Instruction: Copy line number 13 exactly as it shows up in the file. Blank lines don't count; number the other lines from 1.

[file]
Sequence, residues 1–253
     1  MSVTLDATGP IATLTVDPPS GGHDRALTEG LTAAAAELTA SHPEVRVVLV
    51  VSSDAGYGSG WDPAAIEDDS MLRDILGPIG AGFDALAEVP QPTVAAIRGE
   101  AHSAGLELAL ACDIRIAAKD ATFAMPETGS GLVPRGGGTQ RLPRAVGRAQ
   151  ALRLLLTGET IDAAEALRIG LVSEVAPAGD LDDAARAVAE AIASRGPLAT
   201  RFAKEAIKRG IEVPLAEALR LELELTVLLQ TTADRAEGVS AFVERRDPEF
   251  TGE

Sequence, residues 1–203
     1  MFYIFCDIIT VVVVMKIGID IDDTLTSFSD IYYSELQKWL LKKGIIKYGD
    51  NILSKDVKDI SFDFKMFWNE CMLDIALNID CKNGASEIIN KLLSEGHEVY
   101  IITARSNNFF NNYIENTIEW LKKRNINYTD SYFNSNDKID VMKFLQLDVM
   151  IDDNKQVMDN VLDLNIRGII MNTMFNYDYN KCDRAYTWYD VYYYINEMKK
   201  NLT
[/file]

   201  NLT